Will Bowdoin forget us?
After spending four years on this campus, we'd certainly not like to think so. Having called so many dorms across campus our homes, worn in the seats of so many desks, and grown so familiar with faculty and friends, we've come to think of this place as our own, existing indefinitely just for us. We wonder how our absence could possibly go unnoticed when we leave, assuming this is the only change to come. We can imagine no other Bowdoin than that which we see and know so well today, cannot envision that our home of four years should continue to exist without us, letting other students into the space we know so intimately.
The difficulty in graduating is realizing that the campus is in a constant state of flux, continuously accepting new students and sending its alumni on to new and different pursuits. Graduation forces us to acknowledge that the College we know so well today won't necessarily be what future generations know. And while our affectionate attachments to campus will not fade, they may not be recognized by others who will form their own attachments.
With this sense of loss, however, comes great gains, the exciting opportunity for us to pursue new experiences—and new spaces—in our lives. Bowdoin has been passed to us from alumni of years past, and we are lucky to have had the priviledge of studying here, if only for four short years. It is the very brevity of our experience that makes it so valuable, the acknowledgement that our time here is an ephemeral moment in Bowdoin's ever-changing trajectory. We share this space across decades, but our individual experiences remain unique. Our time at Bowdoin is just that—ours. Each of us came to Bowdoin for different reasons, each with our own purpose and goals in mind. As we prepare to graduate, it is important not to let the anxiety of what's next define our experience, but to make the most of our time while we still have it.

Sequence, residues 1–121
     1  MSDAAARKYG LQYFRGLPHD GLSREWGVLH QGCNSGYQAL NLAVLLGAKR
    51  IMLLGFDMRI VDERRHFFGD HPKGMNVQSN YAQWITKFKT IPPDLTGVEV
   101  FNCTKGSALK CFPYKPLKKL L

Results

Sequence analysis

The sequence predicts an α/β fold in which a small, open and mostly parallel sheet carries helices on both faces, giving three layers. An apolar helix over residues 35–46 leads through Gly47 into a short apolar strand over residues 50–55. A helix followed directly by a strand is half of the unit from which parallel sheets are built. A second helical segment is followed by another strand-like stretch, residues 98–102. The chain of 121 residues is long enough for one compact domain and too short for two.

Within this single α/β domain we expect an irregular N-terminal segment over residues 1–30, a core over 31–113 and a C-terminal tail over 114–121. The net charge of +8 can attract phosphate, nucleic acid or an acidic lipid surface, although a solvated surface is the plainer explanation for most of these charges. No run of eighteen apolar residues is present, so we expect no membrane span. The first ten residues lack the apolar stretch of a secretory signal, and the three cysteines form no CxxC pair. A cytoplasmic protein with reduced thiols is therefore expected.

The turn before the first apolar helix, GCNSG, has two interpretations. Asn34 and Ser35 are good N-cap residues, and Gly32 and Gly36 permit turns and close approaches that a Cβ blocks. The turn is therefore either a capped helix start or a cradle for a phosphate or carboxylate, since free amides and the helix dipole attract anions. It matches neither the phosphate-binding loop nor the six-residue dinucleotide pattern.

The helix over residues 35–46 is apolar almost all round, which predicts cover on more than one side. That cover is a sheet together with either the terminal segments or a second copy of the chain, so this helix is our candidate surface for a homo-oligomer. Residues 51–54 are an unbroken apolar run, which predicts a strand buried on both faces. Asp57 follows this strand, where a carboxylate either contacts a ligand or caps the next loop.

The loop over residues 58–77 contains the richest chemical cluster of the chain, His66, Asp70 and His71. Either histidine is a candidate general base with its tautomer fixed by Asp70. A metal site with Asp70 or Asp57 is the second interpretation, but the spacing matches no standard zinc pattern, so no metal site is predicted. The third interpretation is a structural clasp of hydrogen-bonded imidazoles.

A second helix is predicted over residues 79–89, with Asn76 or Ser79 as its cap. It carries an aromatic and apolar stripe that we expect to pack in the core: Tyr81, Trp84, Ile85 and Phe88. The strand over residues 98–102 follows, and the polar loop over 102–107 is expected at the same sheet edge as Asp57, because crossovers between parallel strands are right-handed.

Just as we follow in the footsteps of alumni by entering the College, so, too, must we follow them out. From there, the path becomes unclear, but we seek confidence in the quality of our education and experiences, certain that we've been prepared to take on what's next. Despite our anxieties, graduation marks the moment we've all been waiting for, the moment where the promises of our Bowdoin education are put to the test.
The editorial represents the majority view of The Bowdoin Orient’s editorial board, which comprises Piper Grosswendt, Will Jacob, Gemma Leghorn and Seth Walder.